Cancer Treatment

New Illinois Law Gives Patients Equal Access to Cancer Clinical Trials

Clinical trials can save the lives of cancer patients, but studies show minorities and the poor often don’t participate, because they simply can’t afford to. Parking costs and travel expenses add up, but a new law in Illinois allows patients to get reimbursed for those expenses.

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It’s been 16 years since she beat colorectal cancer, but Candace Henley is still emotional about all she endured.

“I myself was homeless going through cancer, so I know all too well that financial toxicity can have on your life,” Henley said. “No one saw me. I fell through the cracks. I lost everything and had to claw my way back. I know what that feels like."

Now a patient advocate, Henley was in the audience at the University of Chicago Medical Center Monday to learn more about a new law in Illinois aimed at increasing minority participation in clinical trials for cancer patients. A national study found that families making less than $50,000 a year are 30 percent less likely to enroll in a clinical trial.

“This is medical injustice,” Congressman Bobby Rush said at the news conference.  

A cancer survivor himself, Rush spoke about his role in advocating for the state legislation that allows third parties to reimburse patients for out of pocket travel expenses, like parking. The Lazarex Cancer Foundation is the only nationwide non-profit that assists patients with finding clinical trials and reimburses them for the out of pocket travel costs involved in getting to those clinical trials.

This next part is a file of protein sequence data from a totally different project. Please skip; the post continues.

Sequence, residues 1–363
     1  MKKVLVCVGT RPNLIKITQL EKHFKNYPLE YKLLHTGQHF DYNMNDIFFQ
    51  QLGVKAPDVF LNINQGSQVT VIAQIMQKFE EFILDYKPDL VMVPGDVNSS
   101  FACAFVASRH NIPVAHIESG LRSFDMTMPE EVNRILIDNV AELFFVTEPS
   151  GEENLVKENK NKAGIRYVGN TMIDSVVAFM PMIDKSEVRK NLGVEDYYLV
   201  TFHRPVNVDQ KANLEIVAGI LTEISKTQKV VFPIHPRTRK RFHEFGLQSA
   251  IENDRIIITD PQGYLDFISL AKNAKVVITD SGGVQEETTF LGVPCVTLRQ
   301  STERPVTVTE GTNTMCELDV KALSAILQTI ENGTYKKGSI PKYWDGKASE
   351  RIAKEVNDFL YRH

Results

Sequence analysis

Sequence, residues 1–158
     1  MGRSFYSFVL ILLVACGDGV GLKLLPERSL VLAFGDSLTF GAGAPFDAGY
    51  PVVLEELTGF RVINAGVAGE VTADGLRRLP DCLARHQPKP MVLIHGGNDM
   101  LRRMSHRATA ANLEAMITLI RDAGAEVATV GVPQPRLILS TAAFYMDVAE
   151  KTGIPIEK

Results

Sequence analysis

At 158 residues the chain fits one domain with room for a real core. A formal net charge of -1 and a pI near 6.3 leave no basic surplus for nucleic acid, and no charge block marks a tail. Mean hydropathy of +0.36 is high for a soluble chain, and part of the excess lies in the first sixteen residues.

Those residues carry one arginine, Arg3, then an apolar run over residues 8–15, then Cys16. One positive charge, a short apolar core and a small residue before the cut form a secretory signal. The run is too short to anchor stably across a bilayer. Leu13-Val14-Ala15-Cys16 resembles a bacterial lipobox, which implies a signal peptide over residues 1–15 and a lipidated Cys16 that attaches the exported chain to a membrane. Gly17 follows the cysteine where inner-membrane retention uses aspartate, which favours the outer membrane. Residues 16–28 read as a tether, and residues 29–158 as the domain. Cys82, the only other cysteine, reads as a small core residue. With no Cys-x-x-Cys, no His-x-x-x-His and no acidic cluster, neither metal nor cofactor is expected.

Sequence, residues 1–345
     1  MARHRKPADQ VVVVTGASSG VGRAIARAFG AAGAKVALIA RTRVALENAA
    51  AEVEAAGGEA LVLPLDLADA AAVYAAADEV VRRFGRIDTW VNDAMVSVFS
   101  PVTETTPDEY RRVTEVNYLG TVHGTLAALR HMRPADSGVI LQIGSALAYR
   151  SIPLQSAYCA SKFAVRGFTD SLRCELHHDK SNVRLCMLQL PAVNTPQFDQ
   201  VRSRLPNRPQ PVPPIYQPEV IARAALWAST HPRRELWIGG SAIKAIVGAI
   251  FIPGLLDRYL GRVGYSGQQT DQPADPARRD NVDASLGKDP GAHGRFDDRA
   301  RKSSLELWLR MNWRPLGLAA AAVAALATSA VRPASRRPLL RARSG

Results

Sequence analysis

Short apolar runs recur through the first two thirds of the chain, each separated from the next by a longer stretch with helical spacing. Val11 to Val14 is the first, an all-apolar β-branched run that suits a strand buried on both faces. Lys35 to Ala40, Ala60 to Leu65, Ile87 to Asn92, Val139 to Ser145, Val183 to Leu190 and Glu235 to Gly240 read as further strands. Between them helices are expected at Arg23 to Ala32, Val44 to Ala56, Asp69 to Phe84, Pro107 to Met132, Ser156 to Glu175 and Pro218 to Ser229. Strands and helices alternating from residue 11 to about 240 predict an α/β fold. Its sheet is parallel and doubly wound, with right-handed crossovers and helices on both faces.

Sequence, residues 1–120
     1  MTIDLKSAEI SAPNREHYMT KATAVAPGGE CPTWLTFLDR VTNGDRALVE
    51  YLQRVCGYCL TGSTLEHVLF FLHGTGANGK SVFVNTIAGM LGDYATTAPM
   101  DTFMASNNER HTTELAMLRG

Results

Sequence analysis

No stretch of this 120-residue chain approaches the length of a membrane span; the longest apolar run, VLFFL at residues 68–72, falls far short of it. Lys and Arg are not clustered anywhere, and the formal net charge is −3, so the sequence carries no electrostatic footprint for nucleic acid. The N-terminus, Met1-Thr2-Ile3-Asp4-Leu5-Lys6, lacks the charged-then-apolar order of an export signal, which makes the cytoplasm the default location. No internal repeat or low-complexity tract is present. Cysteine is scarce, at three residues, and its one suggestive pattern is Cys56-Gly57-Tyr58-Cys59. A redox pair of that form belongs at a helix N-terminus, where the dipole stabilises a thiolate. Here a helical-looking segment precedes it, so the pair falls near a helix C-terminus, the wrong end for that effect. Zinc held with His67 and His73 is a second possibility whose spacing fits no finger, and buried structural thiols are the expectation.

“Reimbursement creates a platform of parity and does not enrich an individual, but enables them,” said Dana Dornsife, Founder of Lazarex Cancer Foundation.

While Lazarex helps some Chicago patients currently, the foundation is working with both Northwestern University Robert H. Lurie Comprehensive Cancer Center and the University of Chicago Comprehensive Cancer Center to help expand the program to help 1,000 new patients each year.

“These efforts bringing the science, the current developments to our patients in all areas of the city, should and, I believe, will make a big difference,” said Dr. Leonidas Platanias, director of Northwestern University Robert H. Lurie Comprehensive Cancer Center.

“By eliminating some of the barriers, like transportation, we believe we will be able to enroll a more diverse population,” said Dr. Michelle LeBeau, director of the University of Chicago Comprehensive Cancer Center.

Henley believes more diversity is badly needed.

“Eighty percent of clinical trial samples are European, so when it comes to clinical samples, we don’t know if they work or not,” Henley said.

If the program is implemented correctly, Henley believes it could be life-saving for those in Chicago’s underserved communities.

Lazarex Cancer Foundation is currently looking for a Chicago-based pharmaceutical company to provide financial support, which would help expand the program to more patients.

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